Write-in candidates heat up races

By Robin Fornoff

PROJECTS EDITOR

rfornoff@cnjonline.com

Sheriff races in Roosevelt and De Baca counties got hotter and a fiercely independent candidate turned Curry County’s probate judge race into a three-way contest Thursday during the one day write-in candidates had to file and make the ballot for the November general election.

Former longtime Curry County probate judge Michael Wells filed as an independent for the job again shortly after 9 a.m. at the county clerk’s office, according to Clerk Rosalie Riley.

Wells was the only write-in candidate to file in Curry County. His name will appear on the general election ballot along with Republican primary winner Mark Lansford and Democrat primary winner Charles “Benny” Adams.

In Roosevelt County, retired law enforcement officer Diego L. Lucero made the 5 p.m. deadline to file for sheriff after spending most of the day gathering more than 130 signatures required to petition for a spot on the ballot in the sheriff’s race. He will face Republican and Roosevelt County Chief Deputy Malin Parker and Democrat Charles Perez, an Eastern New Mexico University police officer.

Lucero said he was scrambling at the last minute because he was initially told by the Roosevelt County Clerk’s office he needed just 45 signatures. He was informed by the clerk when attempting to file early Thursday morning that they made an error and he needed 135 signatures, or 3 percent of the total number of registered voters in the county who participated in the last election for governor.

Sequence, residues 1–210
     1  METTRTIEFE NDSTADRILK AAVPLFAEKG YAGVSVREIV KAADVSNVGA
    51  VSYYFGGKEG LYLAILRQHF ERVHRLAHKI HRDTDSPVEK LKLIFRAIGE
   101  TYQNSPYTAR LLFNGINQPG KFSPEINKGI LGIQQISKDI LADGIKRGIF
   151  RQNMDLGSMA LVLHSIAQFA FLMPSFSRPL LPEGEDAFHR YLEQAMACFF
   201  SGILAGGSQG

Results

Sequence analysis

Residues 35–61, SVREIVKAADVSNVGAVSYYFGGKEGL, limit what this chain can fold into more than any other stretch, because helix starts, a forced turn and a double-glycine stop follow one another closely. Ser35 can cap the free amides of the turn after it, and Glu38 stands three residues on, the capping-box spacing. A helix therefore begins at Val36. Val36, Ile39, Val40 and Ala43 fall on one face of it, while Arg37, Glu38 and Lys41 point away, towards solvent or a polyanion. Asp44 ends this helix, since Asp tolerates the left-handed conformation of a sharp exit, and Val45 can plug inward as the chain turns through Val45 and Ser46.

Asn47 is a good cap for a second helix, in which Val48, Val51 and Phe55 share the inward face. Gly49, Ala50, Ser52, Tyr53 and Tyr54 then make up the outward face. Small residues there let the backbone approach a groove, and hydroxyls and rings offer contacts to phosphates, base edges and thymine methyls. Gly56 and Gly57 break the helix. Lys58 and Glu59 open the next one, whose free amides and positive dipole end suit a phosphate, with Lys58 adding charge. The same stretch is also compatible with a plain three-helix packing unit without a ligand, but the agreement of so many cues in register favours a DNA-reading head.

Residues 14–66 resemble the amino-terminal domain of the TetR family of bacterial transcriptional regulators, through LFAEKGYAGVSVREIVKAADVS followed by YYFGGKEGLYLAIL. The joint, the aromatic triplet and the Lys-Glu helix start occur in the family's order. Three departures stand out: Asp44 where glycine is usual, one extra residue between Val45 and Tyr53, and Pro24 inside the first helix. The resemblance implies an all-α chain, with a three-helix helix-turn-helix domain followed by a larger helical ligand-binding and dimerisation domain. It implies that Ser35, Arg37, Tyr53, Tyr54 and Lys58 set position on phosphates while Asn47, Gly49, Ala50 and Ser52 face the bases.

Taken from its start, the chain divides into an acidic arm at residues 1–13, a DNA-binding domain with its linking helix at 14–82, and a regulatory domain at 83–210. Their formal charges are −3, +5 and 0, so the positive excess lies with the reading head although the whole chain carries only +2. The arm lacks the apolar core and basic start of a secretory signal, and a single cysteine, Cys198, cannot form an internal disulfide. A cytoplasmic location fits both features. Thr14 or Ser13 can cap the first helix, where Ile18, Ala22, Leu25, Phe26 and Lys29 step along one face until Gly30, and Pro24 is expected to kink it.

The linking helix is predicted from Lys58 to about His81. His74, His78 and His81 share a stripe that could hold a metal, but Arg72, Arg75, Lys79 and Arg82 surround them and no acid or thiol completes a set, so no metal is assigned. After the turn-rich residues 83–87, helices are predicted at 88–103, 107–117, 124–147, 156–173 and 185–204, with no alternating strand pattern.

“So it’s been a very tiring day,” said Lucero, who served more than 30 years as an officer in various departments across the state, including the Roosevelt County Sheriff’s office and as a Portales policeman.

Roosevelt County Clerk DeAun Searl acknowledged the error by her staff, noting the New Mexico Secretary of State’s office website indicated only 1 percent of the total number of registered voters needed to sign write-in petitions. She said she was later informed by attorneys with the state county clerk’s association of the 3 percent requirement, “So, yes, it was our mistake.”

In De Baca County, Deputy Kurt Griego filed as an independent for sheriff against Democrat primary winner Mylessa Denny, also a deputy sheriff.
Denny defeated her boss Sheriff Dennis Cleaver in the June 3 primary. Griego said he chose not to run against Cleaver in the primary out of loyalty because “he (Cleaver) hired me when I needed a job.”

In Curry County, Wells described himself as a staunch independent, though he has run as a Republican in past races. He said he deliberately chose not to run in the primary election to avoid partisanship.

Wells served as probate judge in Curry County from 1986 to 1998. He ran again as a Republican in 2006, losing to incumbent and term-limited Probate Judge Kevin Duncan.

“I’m an independent,” said Wells. “I love everything.”

His plan, Wells, said, has been since January to file as an independent on write-in day. He said he believes judicial positions should be non-partisan. Qualifying for write-in day took door-to-door work to collect almost 400 signatures on the nominating petition, Wells said.

“And,” said Wells, “I was surprised to learn doing that just how many people (in Curry County) are now independents.”